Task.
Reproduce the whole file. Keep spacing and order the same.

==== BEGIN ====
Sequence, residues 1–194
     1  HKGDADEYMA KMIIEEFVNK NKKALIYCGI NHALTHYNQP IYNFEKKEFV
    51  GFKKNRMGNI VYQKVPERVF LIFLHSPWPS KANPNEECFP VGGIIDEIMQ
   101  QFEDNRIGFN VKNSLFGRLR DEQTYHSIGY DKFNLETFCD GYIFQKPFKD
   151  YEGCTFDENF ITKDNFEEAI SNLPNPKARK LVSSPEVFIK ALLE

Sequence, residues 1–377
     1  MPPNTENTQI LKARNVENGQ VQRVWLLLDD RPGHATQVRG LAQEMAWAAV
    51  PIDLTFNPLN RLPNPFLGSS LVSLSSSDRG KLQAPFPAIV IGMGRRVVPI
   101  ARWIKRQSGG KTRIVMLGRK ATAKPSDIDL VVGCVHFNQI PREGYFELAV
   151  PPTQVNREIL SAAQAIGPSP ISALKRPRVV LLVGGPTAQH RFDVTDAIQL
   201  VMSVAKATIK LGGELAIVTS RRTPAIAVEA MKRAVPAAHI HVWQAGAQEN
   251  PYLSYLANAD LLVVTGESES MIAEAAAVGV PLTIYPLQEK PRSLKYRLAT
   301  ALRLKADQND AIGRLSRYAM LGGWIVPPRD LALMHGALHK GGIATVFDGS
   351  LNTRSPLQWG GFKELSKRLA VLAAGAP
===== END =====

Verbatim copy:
Sequence, residues 1–194
     1  HKGDADEYMA KMIIEEFVNK NKKALIYCGI NHALTHYNQP IYNFEKKEFV
    51  GFKKNRMGNI VYQKVPERVF LIFLHSPWPS KANPNEECFP VGGIIDEIMQ
   101  QFEDNRIGFN VKNSLFGRLR DEQTYHSIGY DKFNLETFCD GYIFQKPFKD
   151  YEGCTFDENF ITKDNFEEAI SNLPNPKARK LVSSPEVFIK ALLE

Sequence, residues 1–377
     1  MPPNTENTQI LKARNVENGQ VQRVWLLLDD RPGHATQVRG LAQEMAWAAV
    51  PIDLTFNPLN RLPNPFLGSS LVSLSSSDRG KLQAPFPAIV IGMGRRVVPI
   101  ARWIKRQSGG KTRIVMLGRK ATAKPSDIDL VVGCVHFNQI PREGYFELAV
   151  PPTQVNREIL SAAQAIGPSP ISALKRPRVV LLVGGPTAQH RFDVTDAIQL
   201  VMSVAKATIK LGGELAIVTS RRTPAIAVEA MKRAVPAAHI HVWQAGAQEN
   251  PYLSYLANAD LLVVTGESES MIAEAAAVGV PLTIYPLQEK PRSLKYRLAT
   301  ALRLKADQND AIGRLSRYAM LGGWIVPPRD LALMHGALHK GGIATVFDGS
   351  LNTRSPLQWG GFKELSKRLA VLAAGAP